View Full Version : Portrait or pile of dust?
02-07-2006, 06:00 PM
I am well into my portriat-of-the-week. Last time I worked on velvet grey paper charcoal paper (as the middle tone) using a sanguine and white pencil. This time decided to add a grey pencil for the mids and work on Wallis.
OMG you have never seen such piles of dust everywhere! Doesn't help that 1/2 the portrait is in shadow (which I like artistically but oh the mess). It's awesome paper but it's proving a lot more difficult for me to work with portrait-wise. At least it lets me correct like mad. Not sure how this will come out but am going to see it to the end. Possibly it would be easier using 'real' pastels instead of pencils- but that's a project for down the line.
Anyway, had to complain a bit before getting back to it.
02-07-2006, 06:35 PM
Oh, wow, doing a whole portrait with nothing but pastel pencils on Wallis IS a dusty prospect! Tips for next time anyway....if you want a very dark background, pre-darken the areas with an underpainting (can use watercolor, turps and oil paint, even acrylcs thinned down...just don't get it totally sopping wet). This will make doing that background loads easier when you get to the pastel phase! Also, Wallis takes hard pastels beautifully and they create a good deal less dust. A light touch is good, too, of course! :D
When it comes to sanded surfaces, a certain amount of dusted pastels is to be expected, but with a few deft tricks of the trade like those above, you can minimize the waste and really enjoy yourself instead of regretting all the dust in your tray! Good luck!
02-07-2006, 06:35 PM
Go right ahead and complain. Sometimes we need to vent our frustration to those who understand what you are talking about. It feels better and you can get on with things. And those you complain to shake thier heads in agreed understanding. Like myself, I have produced more piles of dust (literally and figuratively) than I care to say. So many things I've done is nothing but a pile of colorful dust and nothing remotely art. lol
And in the process have kicked up alot of dust. sigh.
But, we go on trying to make art and hope our next effort is that - art.
02-07-2006, 06:41 PM
during the recent wokshop i had with Biolchini we painted the Wallis paper with pastel and an alcohol wash. Use a large brush, it works really well!
02-07-2006, 06:56 PM
Thanks! I am actually making life hard and forcing myself not to use any mixed media with this current portrait series. Once I'm satisfied I can do it the hard way I'll start relaxing the rules ;-). I've been thru one entire C-O sanguine pencil so far on this single 9x12 drawing and it's not 3/4 done! But it may be looking a tiny bit better. Maybe.
02-07-2006, 07:05 PM
Brad, If it starts getting too frustrating, even if you really feel the need to do it, put the pencil down, and walk away. Do a quick, fun peice you are at ease with to shake the frustration off. Then you can go back fresh.
02-08-2006, 03:57 PM
Oh this was exactly my question and complaint in my "practicing, learning, etc." thread! So, Its not just me! I thought I was going nuts! Also, How do you deal with the drifting droppings all the way down your painting? Can't brush it off - that would ruin my painting - not supposed to blow it off?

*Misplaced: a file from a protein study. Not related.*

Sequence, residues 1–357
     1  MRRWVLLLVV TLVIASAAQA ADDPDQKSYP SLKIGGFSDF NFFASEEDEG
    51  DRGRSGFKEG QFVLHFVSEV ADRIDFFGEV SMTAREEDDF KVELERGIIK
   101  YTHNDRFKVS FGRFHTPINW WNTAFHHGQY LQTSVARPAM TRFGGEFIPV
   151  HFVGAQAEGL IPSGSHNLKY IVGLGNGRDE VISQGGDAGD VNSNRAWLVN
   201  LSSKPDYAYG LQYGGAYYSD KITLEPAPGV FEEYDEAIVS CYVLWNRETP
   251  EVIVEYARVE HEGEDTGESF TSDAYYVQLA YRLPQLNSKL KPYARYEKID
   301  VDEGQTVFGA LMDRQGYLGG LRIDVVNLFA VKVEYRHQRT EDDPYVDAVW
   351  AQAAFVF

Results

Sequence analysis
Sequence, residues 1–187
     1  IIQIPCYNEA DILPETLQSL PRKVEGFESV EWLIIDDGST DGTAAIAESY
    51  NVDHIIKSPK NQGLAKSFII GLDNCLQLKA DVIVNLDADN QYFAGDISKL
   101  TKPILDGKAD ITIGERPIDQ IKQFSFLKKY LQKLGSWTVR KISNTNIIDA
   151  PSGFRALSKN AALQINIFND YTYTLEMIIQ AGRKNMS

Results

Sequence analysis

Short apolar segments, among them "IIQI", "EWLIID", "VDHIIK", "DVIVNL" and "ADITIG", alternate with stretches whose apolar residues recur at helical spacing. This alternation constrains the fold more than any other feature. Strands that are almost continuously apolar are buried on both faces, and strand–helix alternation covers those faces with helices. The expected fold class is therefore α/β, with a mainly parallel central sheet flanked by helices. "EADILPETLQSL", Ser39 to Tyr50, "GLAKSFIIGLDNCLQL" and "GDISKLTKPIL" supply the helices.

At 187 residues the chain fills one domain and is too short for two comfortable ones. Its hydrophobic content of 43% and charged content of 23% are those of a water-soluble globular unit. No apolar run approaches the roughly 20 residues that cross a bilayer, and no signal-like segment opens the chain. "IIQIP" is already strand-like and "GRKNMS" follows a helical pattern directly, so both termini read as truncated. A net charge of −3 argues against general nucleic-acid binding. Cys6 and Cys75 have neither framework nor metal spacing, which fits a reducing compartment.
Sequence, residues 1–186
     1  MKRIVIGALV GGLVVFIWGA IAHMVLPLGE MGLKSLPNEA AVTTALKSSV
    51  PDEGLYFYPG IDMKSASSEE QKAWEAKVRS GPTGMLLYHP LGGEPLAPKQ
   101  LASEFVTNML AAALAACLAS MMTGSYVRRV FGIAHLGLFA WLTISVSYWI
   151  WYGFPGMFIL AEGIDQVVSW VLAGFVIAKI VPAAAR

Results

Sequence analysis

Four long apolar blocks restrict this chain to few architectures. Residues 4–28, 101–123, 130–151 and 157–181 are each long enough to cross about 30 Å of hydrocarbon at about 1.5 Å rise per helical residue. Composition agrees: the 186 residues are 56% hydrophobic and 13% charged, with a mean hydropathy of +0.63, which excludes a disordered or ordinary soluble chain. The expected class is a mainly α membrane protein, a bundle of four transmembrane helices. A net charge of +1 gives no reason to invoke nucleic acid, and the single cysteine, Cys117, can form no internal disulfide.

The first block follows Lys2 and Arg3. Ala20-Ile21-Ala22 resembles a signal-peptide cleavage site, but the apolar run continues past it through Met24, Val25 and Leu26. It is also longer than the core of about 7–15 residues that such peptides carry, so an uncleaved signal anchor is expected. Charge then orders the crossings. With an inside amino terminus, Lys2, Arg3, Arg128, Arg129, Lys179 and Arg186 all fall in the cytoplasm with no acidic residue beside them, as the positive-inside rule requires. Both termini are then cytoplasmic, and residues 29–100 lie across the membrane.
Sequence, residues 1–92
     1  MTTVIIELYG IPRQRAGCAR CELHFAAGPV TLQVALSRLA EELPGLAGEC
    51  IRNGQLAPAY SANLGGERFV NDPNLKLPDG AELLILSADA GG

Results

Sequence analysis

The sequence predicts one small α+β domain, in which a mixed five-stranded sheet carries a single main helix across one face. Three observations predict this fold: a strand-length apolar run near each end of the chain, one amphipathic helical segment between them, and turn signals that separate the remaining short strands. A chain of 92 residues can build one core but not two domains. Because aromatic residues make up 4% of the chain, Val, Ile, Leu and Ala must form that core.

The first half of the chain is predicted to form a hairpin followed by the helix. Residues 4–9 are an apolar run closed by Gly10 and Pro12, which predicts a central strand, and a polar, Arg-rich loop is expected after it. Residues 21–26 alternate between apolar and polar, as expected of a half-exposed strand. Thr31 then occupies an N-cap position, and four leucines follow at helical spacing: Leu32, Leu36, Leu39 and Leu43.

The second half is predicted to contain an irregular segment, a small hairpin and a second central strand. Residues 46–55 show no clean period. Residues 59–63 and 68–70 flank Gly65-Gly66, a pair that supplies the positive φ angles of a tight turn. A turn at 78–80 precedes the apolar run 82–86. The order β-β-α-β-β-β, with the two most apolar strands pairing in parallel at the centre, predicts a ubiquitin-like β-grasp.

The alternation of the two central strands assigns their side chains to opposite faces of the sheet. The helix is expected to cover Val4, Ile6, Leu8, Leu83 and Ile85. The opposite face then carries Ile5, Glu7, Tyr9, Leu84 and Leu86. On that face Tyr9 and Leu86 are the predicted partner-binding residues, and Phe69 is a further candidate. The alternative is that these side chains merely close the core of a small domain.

Sorry to ask more questions on your thread Brad, but you are getting somewhere and I would like to! On Wallis I guess I have to take it our of the easel and thump the back whilst holding it over the garbage can? On velour I just end up with a blurry mess!:crying: :crying: :crying:
02-08-2006, 04:38 PM
BJC, you need to fix our painting surface on your easel so that the tops tilts just slightly toward you, letting the dust "droppings" fall free to the tray below. This can be done in several ways depending on what kind of easel you're using...most newer models these days have the ability to tilt beyond the vertical for this purpose, but if not, you can always put a thick piece of foamcore on the upper portion of the support bars, etc. to make your work surface tilt...secure it to keep it from falling off the easel with any of a variety of clips or clamps.
Also, it's well, especially while still learning (well, we're all still learning for that matter!), to learn to use as light a touch as you can get by with when applying the pastel sticks...there's no need to apply so much pressure that you wear down your expensive softies to excess....softies ARE soft so that you can "whisper" them across the surface almost...no need to waste 'em as dust! Practice your "touch" a bit, maybe, and you'll find yourself with a lot less "fallout".
02-08-2006, 05:24 PM
BJC, you need to fix our painting surface on your easel so that the tops tilts just slightly toward you, letting the dust "droppings" fall free to the tray below. Practice your "touch" a bit, maybe, and you'll find yourself with a lot less "fallout".
OK Sorry, I will go away and practice! Thanks for that - I must have forgotten to readjust my easel (still new to me!).
02-09-2006, 12:23 AM
Well, this one is giving me fits-- but have learned a ton. Most importantly have learned NOT to do another all-pencil portrait in 3 hues on Wallis any time soon! ;-) Am going to call it quits and will post the result tomorrow. Nowhere near as happy with it as my last-- but it was instructive.
02-09-2006, 12:58 AM
Brad, I'm sure you are just being hard on yourself. I look forward to seeing it. I bet it will be good. You are really a good artist.
02-09-2006, 12:32 PM
Thanks Diane-- just posted it for better or worse in the pastel studio forum.
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